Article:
In addressing the second of the Aguillard factors-the distinguishing features of the clause-the majority, in my view, falls into error. It downplays the very feature that distinguishes the arbitration clause and calls its attention to the participant: the box located next to the paragraph in which the clause appears, a box which must be affirmatively checked before the Agreement can be completed. The majority chooses, instead, to focus solely on the fact that the arbitration language is not set out in a stand-alone paragraph to reach the conclusion that it is “camouflaged” and “cloak[ed] … within a blanket of boilerplate language” to such an extent that plaintiff could not have not consented to its terms, despite affirmatively indicating by checking the electronic box that he [*30] did just that. See Duhon, 16-0818, slip op. at 10. While it is true that the arbitration clause appears in a paragraph not limited to the single topic of arbitration, more than one-half of that paragraph concerns the agreed-upon arbitration, its procedure, its locale, governing law, and the consequences for refusing or otherwise breaching the agreement to arbitrate.2 The arbitration language is hardly [Pg 5] camouflaged. Further, the majority’s suggestion, that failure to set the arbitration language out in a stand-alone paragraph fails to sufficiently distinguish the arbitration clause, ignores the check box. See Duhon, 16-0818, slip op. at 10. The presence of that box is akin to, and has the same legal force and effect as, requiring the plaintiff to initial next to the paragraph, a requirement that affirmatively alerts the participant to the contents and significance of the paragraph.3 Like the arbitration provision in Aguillard, and contrary to the majority, I find the arbitration language in the Sky Zone Agreement was not concealed in any way and that the use of the electronic check boxes reasonably distinguished the clause.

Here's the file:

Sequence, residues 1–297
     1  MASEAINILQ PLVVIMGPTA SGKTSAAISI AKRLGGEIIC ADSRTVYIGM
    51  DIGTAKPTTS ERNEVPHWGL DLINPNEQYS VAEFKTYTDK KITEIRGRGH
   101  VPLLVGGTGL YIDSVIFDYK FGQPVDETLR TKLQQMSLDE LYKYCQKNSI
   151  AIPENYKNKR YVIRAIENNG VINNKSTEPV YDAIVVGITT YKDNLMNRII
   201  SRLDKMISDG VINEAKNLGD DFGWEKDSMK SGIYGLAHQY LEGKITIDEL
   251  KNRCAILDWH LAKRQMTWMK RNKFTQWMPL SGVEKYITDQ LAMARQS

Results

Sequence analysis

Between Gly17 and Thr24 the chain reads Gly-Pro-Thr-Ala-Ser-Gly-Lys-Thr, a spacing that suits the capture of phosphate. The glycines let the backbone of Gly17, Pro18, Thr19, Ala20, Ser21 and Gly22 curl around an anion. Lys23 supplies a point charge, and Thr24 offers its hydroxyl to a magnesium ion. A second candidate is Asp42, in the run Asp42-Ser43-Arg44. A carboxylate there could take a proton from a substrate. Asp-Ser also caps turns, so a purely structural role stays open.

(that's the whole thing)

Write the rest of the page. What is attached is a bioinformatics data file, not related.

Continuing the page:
2 See Duhon, 16-0818, slip op’n at 3.